A Three-Part Series About a Fascinating Midland County Couple
By Tom Lowrey, Education Assistant
Part Three: Herta and Siegfried Come Home to America
So we’ve heard their adventures during the war, but how did Siegfried end up meeting Herta? Well, Siegfried’s brother had reached the village of Sehestedt first, and was dating Herta’s sister. One thing led to another, they met each other on bikes and it was love at first sight! They were soon married.
After the war was over, Siegfried, his brother and their wives went back to visit his former home, which was now in Poland because East Prussia had ceased to exist. The young couple who were the current tenants of the house welcomed them warmly and showed them around. Siegfried even visited his old school and showed Herta where he had sat so many years before. Siegfried’s village was still standing, but a nearby village, which had consisted of mostly thatch-roof buildings, had been torched by the Russians.
Back in Germany, in 1952, Herta and Siegfried were raisingtwo daughters, but they didn’t have many opportunities in Germany and Siegfried’s country no longer existed. So they decided to emigrate. They had the opportunity to start new lives in Brazil, Australia or Canada but one of Herta’s old teachers had told them that America was the place to be, so they chose the United States as their new home. But where in the U.S.? A relative had moved to Texas and warned them about the stifling heat. Another man from the village had gotten a job as a farm worker in Michigan and he told them that the climate was similar to northern Germany, so they signed up for Michigan.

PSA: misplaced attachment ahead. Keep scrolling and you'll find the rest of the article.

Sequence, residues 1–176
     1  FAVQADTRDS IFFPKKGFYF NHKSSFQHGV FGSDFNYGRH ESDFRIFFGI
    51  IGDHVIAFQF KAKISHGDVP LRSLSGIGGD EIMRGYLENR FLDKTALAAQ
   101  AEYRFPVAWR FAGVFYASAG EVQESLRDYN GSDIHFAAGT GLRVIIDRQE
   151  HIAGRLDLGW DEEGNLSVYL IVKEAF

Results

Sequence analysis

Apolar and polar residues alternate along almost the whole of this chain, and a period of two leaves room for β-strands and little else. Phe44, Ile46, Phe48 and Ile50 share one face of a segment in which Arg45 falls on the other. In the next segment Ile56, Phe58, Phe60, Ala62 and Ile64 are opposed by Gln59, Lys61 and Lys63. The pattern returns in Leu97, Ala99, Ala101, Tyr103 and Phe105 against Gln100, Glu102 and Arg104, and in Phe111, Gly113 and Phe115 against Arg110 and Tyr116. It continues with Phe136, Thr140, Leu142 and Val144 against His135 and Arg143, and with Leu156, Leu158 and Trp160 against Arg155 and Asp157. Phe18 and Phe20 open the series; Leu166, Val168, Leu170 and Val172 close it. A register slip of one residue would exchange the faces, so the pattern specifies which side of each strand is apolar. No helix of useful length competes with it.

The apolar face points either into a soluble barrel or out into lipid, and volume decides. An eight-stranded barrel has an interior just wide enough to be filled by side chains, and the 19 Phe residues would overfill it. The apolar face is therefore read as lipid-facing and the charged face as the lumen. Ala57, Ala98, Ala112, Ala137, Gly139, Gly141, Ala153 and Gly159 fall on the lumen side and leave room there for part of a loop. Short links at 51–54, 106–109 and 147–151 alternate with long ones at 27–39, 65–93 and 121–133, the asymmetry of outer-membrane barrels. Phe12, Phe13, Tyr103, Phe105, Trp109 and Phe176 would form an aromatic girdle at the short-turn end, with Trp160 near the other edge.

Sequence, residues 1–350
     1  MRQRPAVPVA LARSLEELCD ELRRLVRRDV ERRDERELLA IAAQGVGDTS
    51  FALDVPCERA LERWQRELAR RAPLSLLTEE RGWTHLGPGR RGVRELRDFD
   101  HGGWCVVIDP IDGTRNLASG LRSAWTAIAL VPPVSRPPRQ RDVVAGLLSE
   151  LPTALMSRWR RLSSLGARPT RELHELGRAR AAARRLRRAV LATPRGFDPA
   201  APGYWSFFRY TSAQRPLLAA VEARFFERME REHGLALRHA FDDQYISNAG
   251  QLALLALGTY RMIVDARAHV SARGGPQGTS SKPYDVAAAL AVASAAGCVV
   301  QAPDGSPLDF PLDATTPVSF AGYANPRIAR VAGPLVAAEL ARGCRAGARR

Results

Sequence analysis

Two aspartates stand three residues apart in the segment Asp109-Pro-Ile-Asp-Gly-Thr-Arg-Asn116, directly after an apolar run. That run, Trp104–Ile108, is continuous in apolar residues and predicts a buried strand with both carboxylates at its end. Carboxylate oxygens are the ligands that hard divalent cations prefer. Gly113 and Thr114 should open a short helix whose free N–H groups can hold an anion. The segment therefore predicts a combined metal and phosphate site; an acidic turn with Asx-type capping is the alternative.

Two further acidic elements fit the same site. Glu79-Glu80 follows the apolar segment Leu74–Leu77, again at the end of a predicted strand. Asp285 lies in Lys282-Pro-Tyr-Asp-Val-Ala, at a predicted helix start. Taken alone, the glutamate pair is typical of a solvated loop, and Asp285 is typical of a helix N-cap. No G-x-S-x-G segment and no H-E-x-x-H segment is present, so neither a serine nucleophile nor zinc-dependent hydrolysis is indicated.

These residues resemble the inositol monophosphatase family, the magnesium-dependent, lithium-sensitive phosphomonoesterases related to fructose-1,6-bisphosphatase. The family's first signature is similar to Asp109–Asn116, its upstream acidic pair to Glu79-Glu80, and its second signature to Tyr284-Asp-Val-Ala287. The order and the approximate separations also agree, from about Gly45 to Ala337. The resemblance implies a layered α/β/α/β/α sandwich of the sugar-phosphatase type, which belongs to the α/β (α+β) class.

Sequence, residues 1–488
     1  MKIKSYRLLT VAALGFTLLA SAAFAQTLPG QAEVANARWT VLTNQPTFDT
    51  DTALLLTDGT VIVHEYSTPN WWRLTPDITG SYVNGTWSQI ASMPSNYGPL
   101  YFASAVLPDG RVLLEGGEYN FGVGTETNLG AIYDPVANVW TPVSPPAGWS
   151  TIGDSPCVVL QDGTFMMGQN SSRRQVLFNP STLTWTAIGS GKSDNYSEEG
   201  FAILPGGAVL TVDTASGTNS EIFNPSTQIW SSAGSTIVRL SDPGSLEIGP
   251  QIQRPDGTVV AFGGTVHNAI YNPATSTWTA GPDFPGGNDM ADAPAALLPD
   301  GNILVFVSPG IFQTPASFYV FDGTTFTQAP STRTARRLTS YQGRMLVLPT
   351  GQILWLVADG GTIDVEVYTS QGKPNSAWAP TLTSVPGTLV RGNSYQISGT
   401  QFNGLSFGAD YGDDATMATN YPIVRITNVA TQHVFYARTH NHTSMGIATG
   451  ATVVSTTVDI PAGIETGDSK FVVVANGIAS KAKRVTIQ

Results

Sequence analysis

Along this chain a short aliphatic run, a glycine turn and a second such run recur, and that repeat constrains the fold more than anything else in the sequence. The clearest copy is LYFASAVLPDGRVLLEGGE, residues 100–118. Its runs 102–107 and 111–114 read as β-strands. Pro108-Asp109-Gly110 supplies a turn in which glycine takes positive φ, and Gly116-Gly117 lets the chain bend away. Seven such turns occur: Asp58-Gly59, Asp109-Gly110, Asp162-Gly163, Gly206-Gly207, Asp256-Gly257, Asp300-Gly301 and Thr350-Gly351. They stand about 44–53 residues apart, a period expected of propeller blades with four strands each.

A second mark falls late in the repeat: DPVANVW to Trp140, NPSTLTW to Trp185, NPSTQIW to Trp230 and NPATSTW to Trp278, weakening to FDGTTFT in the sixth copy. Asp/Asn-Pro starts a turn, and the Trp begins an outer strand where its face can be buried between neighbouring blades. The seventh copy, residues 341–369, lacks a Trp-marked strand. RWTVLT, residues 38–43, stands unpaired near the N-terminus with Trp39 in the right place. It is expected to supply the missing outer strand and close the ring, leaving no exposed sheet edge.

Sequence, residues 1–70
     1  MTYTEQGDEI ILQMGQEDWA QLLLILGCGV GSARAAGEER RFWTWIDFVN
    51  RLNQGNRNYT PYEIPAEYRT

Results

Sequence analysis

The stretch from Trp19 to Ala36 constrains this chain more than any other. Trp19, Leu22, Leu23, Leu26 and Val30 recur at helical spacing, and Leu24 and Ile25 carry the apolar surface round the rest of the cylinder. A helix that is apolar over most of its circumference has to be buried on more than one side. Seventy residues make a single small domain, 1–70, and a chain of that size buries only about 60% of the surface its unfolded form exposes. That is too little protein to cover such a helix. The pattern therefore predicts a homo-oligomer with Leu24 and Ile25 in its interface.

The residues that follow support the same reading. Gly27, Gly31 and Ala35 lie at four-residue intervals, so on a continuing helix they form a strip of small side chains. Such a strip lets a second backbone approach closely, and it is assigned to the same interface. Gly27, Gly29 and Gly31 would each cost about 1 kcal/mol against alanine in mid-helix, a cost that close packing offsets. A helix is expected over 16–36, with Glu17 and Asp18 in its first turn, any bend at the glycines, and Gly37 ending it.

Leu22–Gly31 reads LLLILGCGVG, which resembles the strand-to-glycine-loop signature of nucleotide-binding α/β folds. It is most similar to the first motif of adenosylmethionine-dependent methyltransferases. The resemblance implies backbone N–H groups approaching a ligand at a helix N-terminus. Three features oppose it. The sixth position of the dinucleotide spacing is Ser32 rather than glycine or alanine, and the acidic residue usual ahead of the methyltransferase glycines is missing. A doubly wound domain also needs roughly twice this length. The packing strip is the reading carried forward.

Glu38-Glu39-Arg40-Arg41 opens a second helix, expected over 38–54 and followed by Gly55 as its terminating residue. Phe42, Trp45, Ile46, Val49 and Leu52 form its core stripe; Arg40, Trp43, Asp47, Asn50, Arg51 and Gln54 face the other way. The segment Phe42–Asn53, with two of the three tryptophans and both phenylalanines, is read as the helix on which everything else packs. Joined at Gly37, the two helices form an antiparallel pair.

One of Herta’s first experiences with American food was breakfast. On the plane to New York, she was served grapefruit juice and toast, neither of which she’d had before. “This is a good start,” she thought. “They give you vinegar to drink and they burn your bread!”
After they landed, they were put on a train and ended up in Midland, Michigan! They found work on a farm near what is now the Chippewa Nature Center. They were welcomed by the farmer’s church, which already had a Sunday school with 32 Germans! Herta worked at home, raised their family, cleaned houses and was the custodian for their church. Siegfried worked for several dairies, did some construction jobs and drove a school bus before getting a job with the Midland Public Schools, where he eventually worked his way up to Head Custodian at Midland High.
Herta and Siegfried “Ziggy” Jaschinsky now have seven grandkids and ten great-grandkids. And they’re going to have their 67th anniversary this month. This would be